In the 1870s, Julia Ward Howe attempted to start a Mother’s Day for Peace. Anna Jarvis started Mother’s Day as a memorial for her mother, and did not appreciate its commercialization. My grandmother, a “right on woman,” completely agreed, but ate the candy anyway. Here is my grandmother, Anna Zuckerman, accepting an award for her service to the Susan B. Anthony branch of the Women’s International League for Peace and Freedom.     We women of one country will be too tender of those of another country to allow our sons to be trained to injure theirs. From the bosom of the devastated earth aRead More →

Fifty years, twenty five sober, my birthday is near, and here I am, all full of reflection. Continuing the theme of influential books, and these books are all about power… The Big Book of Alcoholics Anonymous is like the Bible; I have internalized its principles, incorporating them into my breath. When I say “like the Bible,” I mean that I haven’t read the Big Book the way most Christians haven’t read the Bible: not often enough, not fully enough, and without as much mindfulness. The book is too historically specific and cumbersome to make it all the way through, so I cherry pick. Nonetheless, itRead More →

Ten things that made me happy today: 1. My niece (I broke the people law wherein gratitudes cannot include people, but this is actually a happiness list) 2. A nice dinner at Bistro Byronz for a good cause – “Dining Out for Life”; 3. I got away with an excellent joke on my boss’s boss’s boss; 4.My boss’s boss’s boss didn’t fire me for said excellent joke; 5. My house is clean; 6. Celestial Seasonings’ Gingerbread Spice Tea is out of production and off season, but I still have some left over; 7. I took a minute last week to re-string my twenty+ year oldRead More →

At work we must turn in our portfolios for annual review once again. Portfolios can be used for authentic reflection and self-growth, rather than for the devolved purpose of bean counting. We are all aware of its dysfunction at my job, and yet we still plod through the ritual while we tinker with repairing it. Around the time we submitted portfolios, I found a picture of a quirky chia pet. Chia pets are about wild and quirky growth, after all. This hearty beast makes me laugh. I want to be this fellow, covered in clover, perplexed and amused at the same time, aslant but stillRead More →

If you look up practice in the dictionary, you get lots of definitions. You will see there that the word derives from the Greek and Latin sense of “practical work.” Gratitude as a practice is indeed practical work. It takes work. It takes practice. As such, it connotes the many meanings of practice found in the dictionary. Think about gratitude as you read these definitions, because it might change the way you understand gratitude. It did for me, or at least it reminded me of some old lessons. Gratitude is a proficiency that must be practiced. It is a habit, a custom, a customary performance,Read More →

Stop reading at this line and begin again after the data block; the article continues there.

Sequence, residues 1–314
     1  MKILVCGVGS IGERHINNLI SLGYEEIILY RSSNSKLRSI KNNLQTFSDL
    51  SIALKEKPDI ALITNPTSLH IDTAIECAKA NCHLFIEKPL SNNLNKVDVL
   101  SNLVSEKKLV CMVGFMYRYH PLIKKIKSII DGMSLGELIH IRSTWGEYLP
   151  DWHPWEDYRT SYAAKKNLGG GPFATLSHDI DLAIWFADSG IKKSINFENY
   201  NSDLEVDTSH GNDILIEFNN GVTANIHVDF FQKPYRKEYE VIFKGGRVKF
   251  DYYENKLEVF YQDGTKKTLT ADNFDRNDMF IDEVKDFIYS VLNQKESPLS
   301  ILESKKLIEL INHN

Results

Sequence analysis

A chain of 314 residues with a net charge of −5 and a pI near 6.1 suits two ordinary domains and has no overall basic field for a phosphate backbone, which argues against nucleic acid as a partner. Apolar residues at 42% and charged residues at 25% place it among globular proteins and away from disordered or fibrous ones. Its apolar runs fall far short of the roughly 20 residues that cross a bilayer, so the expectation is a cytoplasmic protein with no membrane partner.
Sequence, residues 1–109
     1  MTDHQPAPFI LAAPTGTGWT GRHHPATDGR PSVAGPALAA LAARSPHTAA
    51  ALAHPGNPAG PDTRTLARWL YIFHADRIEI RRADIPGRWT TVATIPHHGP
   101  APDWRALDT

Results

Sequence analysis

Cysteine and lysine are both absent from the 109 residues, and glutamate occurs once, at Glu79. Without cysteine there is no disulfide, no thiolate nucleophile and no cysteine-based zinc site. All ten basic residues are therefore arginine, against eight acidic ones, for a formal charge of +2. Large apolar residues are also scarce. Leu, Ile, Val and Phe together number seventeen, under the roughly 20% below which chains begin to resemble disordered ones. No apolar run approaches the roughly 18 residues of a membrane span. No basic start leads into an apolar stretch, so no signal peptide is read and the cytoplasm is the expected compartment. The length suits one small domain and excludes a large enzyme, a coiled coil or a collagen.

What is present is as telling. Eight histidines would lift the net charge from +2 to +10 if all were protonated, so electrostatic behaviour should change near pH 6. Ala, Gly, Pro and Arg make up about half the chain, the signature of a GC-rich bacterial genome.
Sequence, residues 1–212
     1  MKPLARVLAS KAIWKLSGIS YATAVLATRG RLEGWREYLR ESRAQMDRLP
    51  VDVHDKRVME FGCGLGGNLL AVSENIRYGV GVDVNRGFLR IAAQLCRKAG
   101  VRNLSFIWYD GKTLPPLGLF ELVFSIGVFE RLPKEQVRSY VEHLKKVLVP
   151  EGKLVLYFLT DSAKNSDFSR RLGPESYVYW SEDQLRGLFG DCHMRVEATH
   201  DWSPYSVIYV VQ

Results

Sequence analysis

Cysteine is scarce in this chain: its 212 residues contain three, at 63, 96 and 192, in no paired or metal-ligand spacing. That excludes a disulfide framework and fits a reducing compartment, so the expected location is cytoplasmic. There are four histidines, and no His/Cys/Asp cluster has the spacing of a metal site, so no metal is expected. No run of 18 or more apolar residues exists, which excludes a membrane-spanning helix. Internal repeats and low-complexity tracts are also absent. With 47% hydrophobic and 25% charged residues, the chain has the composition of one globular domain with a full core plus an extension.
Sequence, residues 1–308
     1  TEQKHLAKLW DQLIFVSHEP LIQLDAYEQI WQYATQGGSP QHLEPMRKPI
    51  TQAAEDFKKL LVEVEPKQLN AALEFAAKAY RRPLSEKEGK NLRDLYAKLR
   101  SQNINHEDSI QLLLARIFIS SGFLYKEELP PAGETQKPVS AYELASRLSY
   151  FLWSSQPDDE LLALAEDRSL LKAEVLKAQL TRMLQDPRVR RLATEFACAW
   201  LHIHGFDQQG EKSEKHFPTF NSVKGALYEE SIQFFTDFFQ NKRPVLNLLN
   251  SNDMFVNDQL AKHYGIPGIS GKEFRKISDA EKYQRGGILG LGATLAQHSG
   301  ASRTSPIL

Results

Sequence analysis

Forgetting to post gratitudes makes me forget to be grateful. 1. The BRCC community for fortitude in the face of uncertainty. 2. The Boomerangs of Baton Rouge for planting the seeds of cosmopolitan life in this city. 3. The LGBT activists for persistence and vision. 4. Dialogue on Race Louisiana for forging ahead. 5. The LSU Performance Studies folks for unwavering spirit and creativity. 6. BRPN for progressing in spite of it all. 7. The Unitarian Church for providing an early haven, however brief. 8. The women I worked with at the LSU Women’s Center. You built something wonderful and sustainable, and I am honoredRead More →

It is news to no one that our homes, like our bodies, can be metaphors for our psyches. My deep need to keep and remodel my home after my divorce came from having been dis-lodged so many times  in my life. I counted my moves and I have averaged once per 16 months until I moved into my current residence, where I dwell. The Occupy Movement coincided with my divorce. At the time, I began to ponder the concept of ontological homelessness and how our country’s housing crisis has caused a literal and figurative state of homelessness which has deep implications for our cultural psyche.Read More →

Today, I had the joy of witnessing BRCC’s commencement ceremony. I had more fun at today’s ceremony than at most any other I’ve attended. There have been some momentous ones, where I’ve hooded advisees, watched favorite cohorts graduate, or even graduated myself, but this one was particularly joyous. Today, I got to sit on the stage and watch the students as they shook hands with the Chancellor, pose for the photographer, and clutch their diploma folder. The ceremonies at USF were impersonal, even with students I taught. Today the sheer aura of success radiated off the students’ faces. You can see that aura from theRead More →

(In no particular order) 1. Droid I bought my Droid in November 2009 and it has changed how I interact with people, sometime for the worse, but usually for the better. On the one hand, even though I’m a technophile, I really don’t like the 24/7 culture of new communication technology. I used my first cell phone only to call out and for emergencies. On the other, the convenience and entertainment value of a smart phone make me wonder why I went so long without one. I still have a bad habit of leaving my ringer off, missing calls, and forgetting all about the phone’sRead More →